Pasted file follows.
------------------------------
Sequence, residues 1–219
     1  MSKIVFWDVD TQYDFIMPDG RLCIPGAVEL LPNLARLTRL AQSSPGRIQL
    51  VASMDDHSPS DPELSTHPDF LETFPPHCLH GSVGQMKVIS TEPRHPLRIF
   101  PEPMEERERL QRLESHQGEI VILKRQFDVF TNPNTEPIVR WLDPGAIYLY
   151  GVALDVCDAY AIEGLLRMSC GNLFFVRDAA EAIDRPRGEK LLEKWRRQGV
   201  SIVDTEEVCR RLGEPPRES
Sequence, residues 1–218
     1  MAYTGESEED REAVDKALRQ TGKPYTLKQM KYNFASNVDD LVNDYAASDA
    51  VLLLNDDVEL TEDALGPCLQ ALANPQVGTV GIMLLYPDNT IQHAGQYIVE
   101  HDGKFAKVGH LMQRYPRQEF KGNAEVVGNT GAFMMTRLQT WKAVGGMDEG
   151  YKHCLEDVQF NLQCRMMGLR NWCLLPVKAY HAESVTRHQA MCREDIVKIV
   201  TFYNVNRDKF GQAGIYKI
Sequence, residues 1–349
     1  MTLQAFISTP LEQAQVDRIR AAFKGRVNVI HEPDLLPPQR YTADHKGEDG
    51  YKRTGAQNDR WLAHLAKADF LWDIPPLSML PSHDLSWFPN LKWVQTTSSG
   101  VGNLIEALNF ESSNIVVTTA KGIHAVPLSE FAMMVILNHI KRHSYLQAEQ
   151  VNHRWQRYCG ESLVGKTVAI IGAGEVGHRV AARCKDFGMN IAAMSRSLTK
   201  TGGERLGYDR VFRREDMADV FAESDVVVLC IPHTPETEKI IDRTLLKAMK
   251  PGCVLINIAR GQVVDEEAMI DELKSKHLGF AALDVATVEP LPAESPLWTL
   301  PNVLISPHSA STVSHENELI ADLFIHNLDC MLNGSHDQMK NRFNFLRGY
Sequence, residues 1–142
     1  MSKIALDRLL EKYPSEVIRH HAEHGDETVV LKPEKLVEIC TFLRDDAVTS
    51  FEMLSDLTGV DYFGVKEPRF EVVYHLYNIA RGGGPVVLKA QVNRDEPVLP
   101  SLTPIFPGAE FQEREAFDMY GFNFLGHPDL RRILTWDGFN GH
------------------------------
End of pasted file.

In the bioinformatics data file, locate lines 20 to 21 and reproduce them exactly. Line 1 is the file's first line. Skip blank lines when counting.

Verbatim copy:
   301  PNVLISPHSA STVSHENELI ADLFIHNLDC MLNGSHDQMK NRFNFLRGY
Sequence, residues 1–142